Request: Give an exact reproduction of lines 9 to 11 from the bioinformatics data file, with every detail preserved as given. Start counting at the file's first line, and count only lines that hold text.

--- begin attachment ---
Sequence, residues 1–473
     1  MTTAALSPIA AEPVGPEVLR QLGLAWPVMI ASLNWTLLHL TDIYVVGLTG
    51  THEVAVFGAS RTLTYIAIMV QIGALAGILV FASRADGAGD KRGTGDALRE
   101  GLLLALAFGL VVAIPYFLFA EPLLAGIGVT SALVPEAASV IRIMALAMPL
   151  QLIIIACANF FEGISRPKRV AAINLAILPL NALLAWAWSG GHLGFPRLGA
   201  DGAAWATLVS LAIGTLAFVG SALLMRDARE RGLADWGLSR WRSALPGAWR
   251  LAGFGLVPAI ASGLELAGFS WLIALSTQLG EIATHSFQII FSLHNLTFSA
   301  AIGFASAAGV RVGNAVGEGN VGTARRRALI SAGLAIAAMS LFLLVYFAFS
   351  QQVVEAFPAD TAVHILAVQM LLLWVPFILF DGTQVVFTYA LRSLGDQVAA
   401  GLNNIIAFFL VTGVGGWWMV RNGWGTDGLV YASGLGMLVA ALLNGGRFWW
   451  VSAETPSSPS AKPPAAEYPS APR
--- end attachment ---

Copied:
   351  QQVVEAFPAD TAVHILAVQM LLLWVPFILF DGTQVVFTYA LRSLGDQVAA
   401  GLNNIIAFFL VTGVGGWWMV RNGWGTDGLV YASGLGMLVA ALLNGGRFWW
   451  VSAETPSSPS AKPPAAEYPS APR